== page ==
Finally, Pengy is my favourite super-villain. He’s great at making gadgets, has a way with the ladies, and never really puts a flipper wrong. No, instead his problem is sheer bad luck.
Here’s a perfect example – he’s happily firing torpedoes at a magnetized Dynamic Duo, when a group of porpoises leap in front of them and sacrifice themselves! Poor guy! So it seems that Cause & Effect just don’t work properly in Gotham City and the DC Comics Universe in general, particularly, in my experience, when you’re the aggressor.
That works both ways though, so perhaps The Penguin should look for opportunities to use the environment against Batman. He’s also a successful businessman, by the way, with a string of restaurants, umbrella factories & submarines to his name, so the guy has a lot going for him.
So we’ve finally reached the end of our investigation, and whilst it could be said that a lot of our observations are pretty obvious, identifying areas in the Formal System Model is really useful for putting our super-villains on the right path for the future.
I hope you’ve enjoyed this run through a much simplified Systems Failures Approach. Below are a list of resources that were drawn upon during it’s production. Resources Learning from IS Failures Study Guide (T852), The Open University Information Systems: Achieving Success by Avoiding Failure, 2005, Joyce Forune & Geoff Peters. ‘ Batman’, 1966 William Dozier Film ‘ Batman’, 1966-68 ABC TV Show Thanks Batman / Bruce Wayne – Adam West Robin / Dick Grayson – Burt Ward Catwoman – Julie Newmar & Lee Meriweather The Joker – Cesar Romero The Riddler – Frank Gorshin The Penguin – Burgess Meredith The Narrator – William Dozier And credits from YouTube Michelle66 FanOfBats
Unmasking Batman: A Systems Failures Approach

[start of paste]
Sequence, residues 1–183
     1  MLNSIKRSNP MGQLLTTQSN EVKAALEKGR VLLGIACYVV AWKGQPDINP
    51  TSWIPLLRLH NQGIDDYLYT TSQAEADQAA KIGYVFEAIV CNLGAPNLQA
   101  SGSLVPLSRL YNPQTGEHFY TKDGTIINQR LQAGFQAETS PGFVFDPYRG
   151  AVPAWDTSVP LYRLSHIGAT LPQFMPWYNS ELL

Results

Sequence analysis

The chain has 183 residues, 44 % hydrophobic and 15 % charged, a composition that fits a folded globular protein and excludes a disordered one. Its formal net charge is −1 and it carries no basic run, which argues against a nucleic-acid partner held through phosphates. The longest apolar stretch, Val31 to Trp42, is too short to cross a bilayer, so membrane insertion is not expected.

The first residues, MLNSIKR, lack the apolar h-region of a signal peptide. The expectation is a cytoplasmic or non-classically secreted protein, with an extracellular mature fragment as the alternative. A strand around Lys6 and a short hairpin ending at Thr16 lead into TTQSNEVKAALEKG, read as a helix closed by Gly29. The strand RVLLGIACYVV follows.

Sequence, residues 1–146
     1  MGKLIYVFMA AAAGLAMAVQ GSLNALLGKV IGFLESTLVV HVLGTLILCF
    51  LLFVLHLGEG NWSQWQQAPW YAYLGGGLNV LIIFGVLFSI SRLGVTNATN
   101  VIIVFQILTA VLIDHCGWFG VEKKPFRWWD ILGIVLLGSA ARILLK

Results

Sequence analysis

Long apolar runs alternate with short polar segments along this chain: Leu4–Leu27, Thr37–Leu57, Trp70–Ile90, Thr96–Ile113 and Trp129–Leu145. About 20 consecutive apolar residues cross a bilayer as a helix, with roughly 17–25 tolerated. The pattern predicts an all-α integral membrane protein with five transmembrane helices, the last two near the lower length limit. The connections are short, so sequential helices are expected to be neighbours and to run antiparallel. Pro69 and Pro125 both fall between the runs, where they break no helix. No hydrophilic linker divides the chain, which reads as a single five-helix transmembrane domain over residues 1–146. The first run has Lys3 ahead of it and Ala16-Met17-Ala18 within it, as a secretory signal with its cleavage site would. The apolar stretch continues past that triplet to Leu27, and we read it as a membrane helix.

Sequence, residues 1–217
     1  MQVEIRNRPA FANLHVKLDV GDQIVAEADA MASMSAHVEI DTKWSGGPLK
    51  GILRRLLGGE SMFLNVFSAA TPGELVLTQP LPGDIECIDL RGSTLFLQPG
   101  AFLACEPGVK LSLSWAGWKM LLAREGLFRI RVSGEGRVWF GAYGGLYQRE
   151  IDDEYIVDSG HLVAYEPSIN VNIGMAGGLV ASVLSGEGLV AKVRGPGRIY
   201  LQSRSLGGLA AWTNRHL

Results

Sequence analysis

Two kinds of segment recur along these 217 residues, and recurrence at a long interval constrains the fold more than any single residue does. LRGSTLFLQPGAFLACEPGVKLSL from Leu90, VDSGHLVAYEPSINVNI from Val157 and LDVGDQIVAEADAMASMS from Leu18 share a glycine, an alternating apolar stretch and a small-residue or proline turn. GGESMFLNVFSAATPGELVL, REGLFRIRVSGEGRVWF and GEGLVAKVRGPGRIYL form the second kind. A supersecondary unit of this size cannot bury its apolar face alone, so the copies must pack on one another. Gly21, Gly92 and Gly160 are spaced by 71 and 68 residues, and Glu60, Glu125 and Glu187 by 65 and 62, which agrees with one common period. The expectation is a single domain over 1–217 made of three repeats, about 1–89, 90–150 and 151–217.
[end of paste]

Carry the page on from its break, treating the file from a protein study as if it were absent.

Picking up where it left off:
What this talk is about <ul><li>Batman (kind of) </li></ul><ul><li>The 1966-68 TV show specifically </li></ul><ul><li>Batman’s Arch-enemies </li></ul><ul><li>The Systems Failures Approach </li></ul><ul><li>What was that last one again? </li></ul>
A Systems Failures Approach? <ul><li>Assess the situation </li></ul><ul><li>Decide on a failing system </li></ul>
A Systems Failures Approach? <ul><li>Compare it with a system that works properly </li></ul><ul><li>Which parts are failing, and how? What can be done better? </li></ul>
A Bat-Problem! <ul><li>Gotham City’s Super-villains are no match for the Dynamic Duo! But why? </li></ul><ul><li>Let’s treat each villain + lackeys as their own system </li></ul><ul><li>Can we identify their problem areas? </li></ul><ul><li>To the Bat-poles! </li></ul>
Counselling for the Riddler <ul><li>Take a hint, riddling’s been tried before </li></ul><ul><li>Psychiatric treatment doesn’t have the same stigma attached that it used to, you should seek help </li></ul>
Catnip for Catwoman <ul><li>Make your mind up: </li></ul><ul><ul><li>Kiss Batman </li></ul></ul><ul><ul><li>Or kill him </li></ul></ul><ul><ul><li>Both at once just isn’t working for you </li></ul></ul><ul><li>Use extra lives to: </li></ul><ul><ul><li>Maximise earnings </li></ul></ul><ul><ul><li>Avoid long stretches in jail </li></ul></ul>
Fishfood for The Penguin <ul><li>Play to your strengths </li></ul><ul><ul><li>Umbrellas </li></ul></ul><ul><ul><li>Penguin-related items </li></ul></ul><ul><ul><li>Water </li></ul></ul><ul><li>Don’t be so quick to go on the offensive </li></ul><ul><li>Diversify into legitimate business – you’re good at it! </li></ul>
Final Thoughts <ul><li>Riddling doesn’t pay, but crime can (if you have 9 lives) </li></ul><ul><li>Use wacky laws of causality for defensive purposes only </li></ul><ul><li>Always keep the Systems Failures Approach in your utility belt, it could save you from certain death! </li></ul>